John Milbank on Traditional Marriage, Sexuality, and Late Capitalism

Professor John Milbank

Radical Orthodoxy theologian John Milbank makes some interesting observations of capitalism in his latest contribution to “Religion and Ethics.” I have been thinking along these same lines, especially his insights about young girls as both the consumer and victim of late capitalism.

“Moreover, there are crucial negative testimonies to its persistence. It would seem that when it is denied that a woman’s body or biology has any psychic correlate, that then her purely physical difference gets vastly over-accentuated and exploited. Thus children are increasingly differentiated by gender to a ludicrous degree in terms, for example, of every item intended for little girls being coloured pink and the ever-younger adoption of sexualised clothes and make-up by adolescent and pre-pubescent girls.

Indeed, it has been plausibly argued that the “young girl” is now at once the prime commodity and the prime consumer of late capitalism. Is it an accident that the according of only “human” rights to women coincides with a new phase in their degradation?”

Oh, and I like this promotion of stay-at-home dads:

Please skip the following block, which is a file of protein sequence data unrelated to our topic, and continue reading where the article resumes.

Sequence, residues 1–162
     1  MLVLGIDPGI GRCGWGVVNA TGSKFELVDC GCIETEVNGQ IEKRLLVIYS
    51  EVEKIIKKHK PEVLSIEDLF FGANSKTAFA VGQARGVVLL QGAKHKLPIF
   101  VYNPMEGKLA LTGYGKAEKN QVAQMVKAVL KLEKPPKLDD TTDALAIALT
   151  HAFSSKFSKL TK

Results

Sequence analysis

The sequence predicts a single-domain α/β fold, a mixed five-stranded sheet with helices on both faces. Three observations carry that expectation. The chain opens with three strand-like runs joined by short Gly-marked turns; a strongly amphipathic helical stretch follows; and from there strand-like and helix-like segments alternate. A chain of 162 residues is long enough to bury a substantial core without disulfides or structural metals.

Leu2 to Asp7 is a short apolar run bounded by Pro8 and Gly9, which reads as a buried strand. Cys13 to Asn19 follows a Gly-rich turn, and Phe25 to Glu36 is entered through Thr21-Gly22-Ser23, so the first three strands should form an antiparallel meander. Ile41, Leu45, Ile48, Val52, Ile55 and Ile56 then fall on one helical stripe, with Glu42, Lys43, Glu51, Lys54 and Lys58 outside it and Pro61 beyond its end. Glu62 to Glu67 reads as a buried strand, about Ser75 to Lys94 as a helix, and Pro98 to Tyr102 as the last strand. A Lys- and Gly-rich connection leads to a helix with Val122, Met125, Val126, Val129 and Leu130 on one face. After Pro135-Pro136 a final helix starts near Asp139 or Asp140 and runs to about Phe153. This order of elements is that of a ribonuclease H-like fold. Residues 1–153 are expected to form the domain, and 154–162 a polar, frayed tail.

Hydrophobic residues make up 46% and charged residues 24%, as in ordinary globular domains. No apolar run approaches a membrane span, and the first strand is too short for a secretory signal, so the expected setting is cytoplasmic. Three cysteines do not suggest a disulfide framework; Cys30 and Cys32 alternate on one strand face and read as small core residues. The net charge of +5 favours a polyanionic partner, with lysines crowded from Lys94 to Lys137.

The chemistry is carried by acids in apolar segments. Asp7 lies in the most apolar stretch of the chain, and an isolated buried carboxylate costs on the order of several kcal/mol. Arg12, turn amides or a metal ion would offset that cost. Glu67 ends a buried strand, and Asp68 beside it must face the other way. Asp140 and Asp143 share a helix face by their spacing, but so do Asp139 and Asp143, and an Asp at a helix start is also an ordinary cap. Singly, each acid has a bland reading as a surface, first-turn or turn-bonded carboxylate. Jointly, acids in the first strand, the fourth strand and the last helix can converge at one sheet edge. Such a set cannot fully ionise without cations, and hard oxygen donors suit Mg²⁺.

“This conclusion is by no means simply traditional since it rejects the patriarchalism that puts men naturally on top. Instead, it newly implies that just as we need men in the home, so we need women in politics, business, the arts, academia and even the military. This prospect belongs to a radical as opposed to a liberal feminism, because it suggests that a new public role of women can truly make a difference.”

I would recommend you read the rest:

John Milbank: Gay Marriage and the Future of Human Sexuality

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3 thoughts on “John Milbank on Traditional Marriage, Sexuality, and Late Capitalism

  1. Ryan

    I appreciate the comments by Milbank you’ve outlined above. However, Milbank’s continuing Constantinian attitude is disappointing. I’d hate to get all Hauerwasian, but who cares about the good that “traditional” marriage does for the health of the state? Shouldn’t the church be a little more interested in what constitutes the health of the reign of God?

    Reply
    1. RodtRDH Post author

      Wow, Ryan, that is AN EXCELLENT POINT!!!!

      I didn’t even see that one. Don’t worry about sounding “too Hauerwasian”; you did just fine.

      Reply
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